This is one of eight modules in the Australian Public Service Workforce Planning Guide, designed to assist you with workforce planning in your agency or department. It can be read in isolation; however there are linkages to other modules, just as there are linkages between the elements of workforce planning.
This module provides an explanation of the varying degrees of complexity by which you might consider segmenting your workforce. This will enable you to analyse your workforce to an increasingly granular level, and identify your workforce gaps with increasing specificity. Ultimately this will position you to more effectively target your strategies to mitigate your workforce risks.
The structure of the modules as they relate to the workforce planning process is depicted in Figure 1. The module you’re reading is highlighted in purple.
Figure 1. Modules in the APS Workforce Planning Guide
- Introduction and how to use the guide
- Workforce planning explained
- Initiation and planning for workforce planning
- Segmenting your workforce
- Demand analysis / Supply analysis
- Gap analysis and strategy and initiative development
- Implementation and monitoring, evaluation, review and adjustment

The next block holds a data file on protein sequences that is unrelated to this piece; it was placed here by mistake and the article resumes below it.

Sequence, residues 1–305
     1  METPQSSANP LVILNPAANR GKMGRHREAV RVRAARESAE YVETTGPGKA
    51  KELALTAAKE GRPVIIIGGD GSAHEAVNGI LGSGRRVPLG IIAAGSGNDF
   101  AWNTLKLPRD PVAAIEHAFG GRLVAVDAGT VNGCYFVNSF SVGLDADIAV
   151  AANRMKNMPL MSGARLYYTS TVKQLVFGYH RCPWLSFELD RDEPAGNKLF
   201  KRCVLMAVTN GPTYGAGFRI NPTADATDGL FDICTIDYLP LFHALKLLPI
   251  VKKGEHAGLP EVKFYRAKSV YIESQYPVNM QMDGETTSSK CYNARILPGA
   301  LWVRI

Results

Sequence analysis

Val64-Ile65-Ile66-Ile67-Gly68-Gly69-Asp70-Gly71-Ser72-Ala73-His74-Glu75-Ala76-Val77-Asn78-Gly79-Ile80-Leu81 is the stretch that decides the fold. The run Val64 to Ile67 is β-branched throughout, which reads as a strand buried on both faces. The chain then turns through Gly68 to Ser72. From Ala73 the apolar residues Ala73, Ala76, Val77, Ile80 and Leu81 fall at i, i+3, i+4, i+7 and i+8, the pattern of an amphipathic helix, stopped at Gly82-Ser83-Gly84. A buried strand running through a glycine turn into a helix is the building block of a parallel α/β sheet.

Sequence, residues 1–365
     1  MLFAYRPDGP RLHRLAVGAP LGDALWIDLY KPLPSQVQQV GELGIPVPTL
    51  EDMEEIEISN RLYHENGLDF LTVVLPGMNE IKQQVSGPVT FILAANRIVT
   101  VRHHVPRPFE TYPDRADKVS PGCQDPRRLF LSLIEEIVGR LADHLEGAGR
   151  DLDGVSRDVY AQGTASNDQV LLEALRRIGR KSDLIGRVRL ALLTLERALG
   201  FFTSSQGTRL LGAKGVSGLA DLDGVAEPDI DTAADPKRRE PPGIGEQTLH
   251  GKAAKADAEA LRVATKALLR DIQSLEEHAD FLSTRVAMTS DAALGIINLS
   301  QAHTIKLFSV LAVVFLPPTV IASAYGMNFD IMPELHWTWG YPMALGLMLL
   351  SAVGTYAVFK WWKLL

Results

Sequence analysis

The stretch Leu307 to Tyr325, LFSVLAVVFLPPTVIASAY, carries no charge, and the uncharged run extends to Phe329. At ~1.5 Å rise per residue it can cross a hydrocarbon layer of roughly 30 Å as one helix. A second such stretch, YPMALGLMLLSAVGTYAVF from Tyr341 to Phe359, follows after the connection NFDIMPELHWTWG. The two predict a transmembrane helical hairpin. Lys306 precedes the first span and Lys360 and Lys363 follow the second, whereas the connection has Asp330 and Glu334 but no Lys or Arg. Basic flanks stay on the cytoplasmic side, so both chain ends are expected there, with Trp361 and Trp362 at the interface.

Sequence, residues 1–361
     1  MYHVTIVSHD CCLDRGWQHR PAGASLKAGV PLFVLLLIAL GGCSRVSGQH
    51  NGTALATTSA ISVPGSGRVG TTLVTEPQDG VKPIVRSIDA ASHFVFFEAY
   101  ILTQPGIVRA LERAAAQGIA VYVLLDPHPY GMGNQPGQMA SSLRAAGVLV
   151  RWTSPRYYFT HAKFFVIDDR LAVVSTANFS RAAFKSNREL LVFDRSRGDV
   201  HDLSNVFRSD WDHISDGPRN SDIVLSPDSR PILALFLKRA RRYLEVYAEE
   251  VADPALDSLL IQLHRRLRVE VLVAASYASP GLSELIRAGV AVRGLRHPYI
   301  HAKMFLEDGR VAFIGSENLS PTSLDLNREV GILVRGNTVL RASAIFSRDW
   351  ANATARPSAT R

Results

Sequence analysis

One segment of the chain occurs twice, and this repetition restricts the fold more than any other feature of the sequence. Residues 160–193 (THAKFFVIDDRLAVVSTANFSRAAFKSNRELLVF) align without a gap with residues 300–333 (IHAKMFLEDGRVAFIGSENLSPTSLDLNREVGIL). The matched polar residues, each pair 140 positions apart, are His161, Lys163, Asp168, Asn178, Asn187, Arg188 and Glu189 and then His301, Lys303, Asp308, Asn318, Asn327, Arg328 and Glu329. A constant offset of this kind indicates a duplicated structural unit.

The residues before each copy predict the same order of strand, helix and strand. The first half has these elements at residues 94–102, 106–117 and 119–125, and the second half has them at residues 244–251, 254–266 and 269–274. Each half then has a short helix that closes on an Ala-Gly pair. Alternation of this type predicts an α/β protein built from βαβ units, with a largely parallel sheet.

The measure of an individual’s ability to achieve the tasks and objectives of their role through the application of skills, knowledge and attributes.
Level of detail considered in a model or decision-making process. The greater the granularity, the deeper the level of detail. Granularity is usually used to characterise the scale or level of detail in a set of data. Definition adapted from <http://www.businessdictionary.com/definition/granularity.html>.
First tier in a hierarchy of job segmentation within a workforce. The purpose is to split the workforce into logical and practical segments to allow for deeper workforce analysis.
A job family is a grouping of similar jobs at the highest level that usually consists of several job functions. For example, a possible job family might be ‘Administration, facilities and property’.